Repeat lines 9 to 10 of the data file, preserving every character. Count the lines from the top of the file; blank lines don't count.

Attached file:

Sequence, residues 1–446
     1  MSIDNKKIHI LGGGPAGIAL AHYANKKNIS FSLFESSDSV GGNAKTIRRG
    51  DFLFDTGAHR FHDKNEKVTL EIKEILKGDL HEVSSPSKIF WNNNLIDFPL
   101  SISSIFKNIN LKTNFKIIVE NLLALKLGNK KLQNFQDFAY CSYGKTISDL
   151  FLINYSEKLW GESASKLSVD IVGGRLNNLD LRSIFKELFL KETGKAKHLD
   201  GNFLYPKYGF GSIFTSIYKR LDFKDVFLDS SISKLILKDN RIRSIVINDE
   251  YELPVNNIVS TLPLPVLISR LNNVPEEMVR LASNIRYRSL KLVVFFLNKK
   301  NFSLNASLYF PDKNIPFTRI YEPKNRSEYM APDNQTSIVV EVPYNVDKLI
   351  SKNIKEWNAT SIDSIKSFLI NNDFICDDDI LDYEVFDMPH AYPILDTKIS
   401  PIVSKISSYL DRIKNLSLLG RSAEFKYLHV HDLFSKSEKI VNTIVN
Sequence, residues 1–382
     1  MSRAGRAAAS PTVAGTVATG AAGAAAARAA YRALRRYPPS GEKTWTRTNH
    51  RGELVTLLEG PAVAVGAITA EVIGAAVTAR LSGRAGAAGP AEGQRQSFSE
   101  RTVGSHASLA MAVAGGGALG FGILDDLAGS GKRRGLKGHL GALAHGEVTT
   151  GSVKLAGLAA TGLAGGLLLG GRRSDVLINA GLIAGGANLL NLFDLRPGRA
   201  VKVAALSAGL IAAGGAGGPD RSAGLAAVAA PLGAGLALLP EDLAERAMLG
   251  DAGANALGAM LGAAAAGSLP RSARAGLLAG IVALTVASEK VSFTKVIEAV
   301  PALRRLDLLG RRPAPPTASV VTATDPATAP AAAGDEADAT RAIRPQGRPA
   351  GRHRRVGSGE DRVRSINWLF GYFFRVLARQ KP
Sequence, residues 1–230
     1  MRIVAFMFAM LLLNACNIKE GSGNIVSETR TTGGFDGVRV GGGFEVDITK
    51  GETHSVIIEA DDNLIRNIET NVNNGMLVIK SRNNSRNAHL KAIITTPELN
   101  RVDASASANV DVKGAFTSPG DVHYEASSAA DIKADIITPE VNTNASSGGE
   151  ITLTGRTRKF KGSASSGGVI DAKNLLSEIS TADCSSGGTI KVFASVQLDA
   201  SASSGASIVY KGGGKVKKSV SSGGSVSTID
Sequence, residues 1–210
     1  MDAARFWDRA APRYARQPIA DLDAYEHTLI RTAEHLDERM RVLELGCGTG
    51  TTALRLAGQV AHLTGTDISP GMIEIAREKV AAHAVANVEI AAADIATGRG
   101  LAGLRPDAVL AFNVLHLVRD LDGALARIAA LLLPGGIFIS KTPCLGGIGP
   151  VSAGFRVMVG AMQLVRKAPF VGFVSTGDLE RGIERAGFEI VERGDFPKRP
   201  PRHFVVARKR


   351  SKNIKEWNAT SIDSIKSFLI NNDFICDDDI LDYEVFDMPH AYPILDTKIS
   401  PIVSKISSYL DRIKNLSLLG RSAEFKYLHV HDLFSKSEKI VNTIVN